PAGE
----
By Greg Illes
Most of us check our transmission fluid now and then (don’t we?). Some of us even have it changed every once in awhile. But aside from that, what else is there to do with a typical automatic transmission other than drive it, and hope it keeps on working?
There are actually some very proactive things that can be done to give your transmission the best possible chance for a long and happy life.
Never forget that your transmission is not only a key link in your drive train, but one of the highest stressed as well. A typical motorhome, or trailer-hauling vehicle, works its transmission many times harder than any comparable street vehicle. And the single biggest enemy of your transmission is loss of lubrication. This can happen from something as simple as a leak (loss of lubricant) to something more insidious — the loss of the lubricity (capacity for reducing friction) of the oil in your transmission.
Fact is, transmission oils simply wear out. They work so hard that the long-chain molecules in the oil break up into shorter chains, with less lubricity. This happens largely due to only two factors: load and heat. The heavier the load and the higher the heat, the shorter the life of the transmission oil (and the transmission).
What can you do? It’s fairly simple and comes in two stages:
Give your transmission the best possible lubricant money can buy. Cash spent on the excellent synthetic oils available will be more than paid back by extended transmission reliability and life span. Monitor the oil and change it at regular intervals, or when it shows any sign of wear (discoloration or burned smell). Make sure you have a good transmission cooling system in place. This can be as little as a standard cooler in front of the engine radiator, or you can buy some more “temperature insurance” and install an aluminum oversize transmission sump. Both of these will drop transmission temperatures, increase fluid life and add to reliability and transmission life.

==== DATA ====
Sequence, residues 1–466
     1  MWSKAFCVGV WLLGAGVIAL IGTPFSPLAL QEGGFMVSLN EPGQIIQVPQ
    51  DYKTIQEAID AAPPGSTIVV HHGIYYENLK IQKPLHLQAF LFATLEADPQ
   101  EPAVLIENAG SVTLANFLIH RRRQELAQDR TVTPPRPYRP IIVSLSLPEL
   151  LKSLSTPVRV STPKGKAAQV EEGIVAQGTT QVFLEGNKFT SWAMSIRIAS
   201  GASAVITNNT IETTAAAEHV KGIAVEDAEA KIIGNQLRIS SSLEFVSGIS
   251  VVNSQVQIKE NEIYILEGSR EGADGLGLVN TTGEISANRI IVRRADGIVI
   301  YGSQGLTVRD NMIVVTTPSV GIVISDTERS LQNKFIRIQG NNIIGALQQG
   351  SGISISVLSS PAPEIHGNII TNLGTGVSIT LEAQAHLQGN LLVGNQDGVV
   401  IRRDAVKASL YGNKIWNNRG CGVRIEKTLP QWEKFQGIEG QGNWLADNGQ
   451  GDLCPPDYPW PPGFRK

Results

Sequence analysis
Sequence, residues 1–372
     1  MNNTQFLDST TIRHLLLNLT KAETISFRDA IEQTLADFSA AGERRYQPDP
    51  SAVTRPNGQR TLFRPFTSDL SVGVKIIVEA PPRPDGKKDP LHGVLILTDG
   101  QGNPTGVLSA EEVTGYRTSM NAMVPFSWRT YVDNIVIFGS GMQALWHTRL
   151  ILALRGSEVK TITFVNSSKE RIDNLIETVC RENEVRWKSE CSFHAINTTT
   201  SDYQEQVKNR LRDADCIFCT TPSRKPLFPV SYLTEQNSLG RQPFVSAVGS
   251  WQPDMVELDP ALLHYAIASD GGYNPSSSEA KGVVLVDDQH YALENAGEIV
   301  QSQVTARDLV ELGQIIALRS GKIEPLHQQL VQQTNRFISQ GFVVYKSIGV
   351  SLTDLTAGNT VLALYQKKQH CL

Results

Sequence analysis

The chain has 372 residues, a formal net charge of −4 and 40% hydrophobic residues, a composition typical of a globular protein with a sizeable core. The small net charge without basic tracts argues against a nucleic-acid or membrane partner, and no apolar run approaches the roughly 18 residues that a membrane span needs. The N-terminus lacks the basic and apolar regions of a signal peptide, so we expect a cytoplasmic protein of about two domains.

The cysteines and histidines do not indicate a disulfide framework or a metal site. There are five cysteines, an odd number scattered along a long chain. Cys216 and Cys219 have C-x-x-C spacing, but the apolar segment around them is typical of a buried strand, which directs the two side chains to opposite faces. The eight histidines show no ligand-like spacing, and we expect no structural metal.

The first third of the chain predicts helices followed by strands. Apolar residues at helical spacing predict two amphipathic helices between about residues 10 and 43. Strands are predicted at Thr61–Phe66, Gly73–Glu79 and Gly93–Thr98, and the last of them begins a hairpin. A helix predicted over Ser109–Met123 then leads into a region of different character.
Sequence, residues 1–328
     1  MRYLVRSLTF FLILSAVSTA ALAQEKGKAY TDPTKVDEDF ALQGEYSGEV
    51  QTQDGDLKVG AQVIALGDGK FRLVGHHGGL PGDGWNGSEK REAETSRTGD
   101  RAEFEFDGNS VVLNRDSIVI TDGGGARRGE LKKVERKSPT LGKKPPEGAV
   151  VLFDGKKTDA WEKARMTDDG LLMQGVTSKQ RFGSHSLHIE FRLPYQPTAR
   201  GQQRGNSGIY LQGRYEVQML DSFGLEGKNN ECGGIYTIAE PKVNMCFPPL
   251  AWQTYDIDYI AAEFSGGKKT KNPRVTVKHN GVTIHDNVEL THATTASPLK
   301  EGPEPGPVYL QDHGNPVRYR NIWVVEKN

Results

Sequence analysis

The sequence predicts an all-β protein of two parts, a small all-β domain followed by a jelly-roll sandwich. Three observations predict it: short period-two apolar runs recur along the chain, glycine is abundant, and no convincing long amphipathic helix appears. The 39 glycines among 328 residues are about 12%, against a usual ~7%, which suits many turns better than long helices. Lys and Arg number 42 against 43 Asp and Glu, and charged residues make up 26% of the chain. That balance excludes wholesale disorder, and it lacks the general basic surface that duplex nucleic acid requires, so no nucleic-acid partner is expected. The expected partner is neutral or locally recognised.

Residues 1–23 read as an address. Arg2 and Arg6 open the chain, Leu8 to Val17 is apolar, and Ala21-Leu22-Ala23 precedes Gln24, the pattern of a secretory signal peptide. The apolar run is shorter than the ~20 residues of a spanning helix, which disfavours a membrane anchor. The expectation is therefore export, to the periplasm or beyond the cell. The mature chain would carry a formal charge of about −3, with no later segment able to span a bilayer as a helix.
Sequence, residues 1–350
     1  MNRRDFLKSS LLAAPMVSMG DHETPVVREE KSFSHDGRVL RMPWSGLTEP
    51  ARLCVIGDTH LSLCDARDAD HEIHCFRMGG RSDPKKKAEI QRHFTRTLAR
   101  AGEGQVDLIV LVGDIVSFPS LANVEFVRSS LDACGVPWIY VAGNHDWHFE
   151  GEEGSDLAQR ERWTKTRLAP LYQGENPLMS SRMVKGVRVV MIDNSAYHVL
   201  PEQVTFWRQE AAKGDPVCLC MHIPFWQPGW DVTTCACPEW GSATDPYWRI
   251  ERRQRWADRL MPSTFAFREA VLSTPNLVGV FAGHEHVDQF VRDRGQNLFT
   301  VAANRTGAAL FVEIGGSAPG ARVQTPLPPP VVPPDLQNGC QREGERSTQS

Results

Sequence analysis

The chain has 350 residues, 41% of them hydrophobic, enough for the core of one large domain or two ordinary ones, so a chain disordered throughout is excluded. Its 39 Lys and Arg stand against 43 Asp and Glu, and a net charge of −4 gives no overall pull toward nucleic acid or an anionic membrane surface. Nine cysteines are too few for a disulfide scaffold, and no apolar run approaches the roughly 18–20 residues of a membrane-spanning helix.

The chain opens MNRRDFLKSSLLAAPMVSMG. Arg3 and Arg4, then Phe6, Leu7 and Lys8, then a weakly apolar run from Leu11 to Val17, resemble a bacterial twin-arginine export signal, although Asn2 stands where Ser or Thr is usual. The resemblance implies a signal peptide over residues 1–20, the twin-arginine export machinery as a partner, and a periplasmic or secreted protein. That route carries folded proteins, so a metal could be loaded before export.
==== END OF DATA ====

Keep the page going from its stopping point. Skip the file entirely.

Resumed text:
Lastly, it’s a good idea to monitor your transmission temperature, especially on hot days and steep climbs when it works the hardest. Many coaches and trucks have these gauges stock, or you can add one at a modest cost. Knowing when your transmission has undergone a long, hot spell can clue you in to managing your driving patterns, and changing that precious transmission fluid right after it’s been “cooked.”
photo: Hatsukari715 Wikipedia/public domain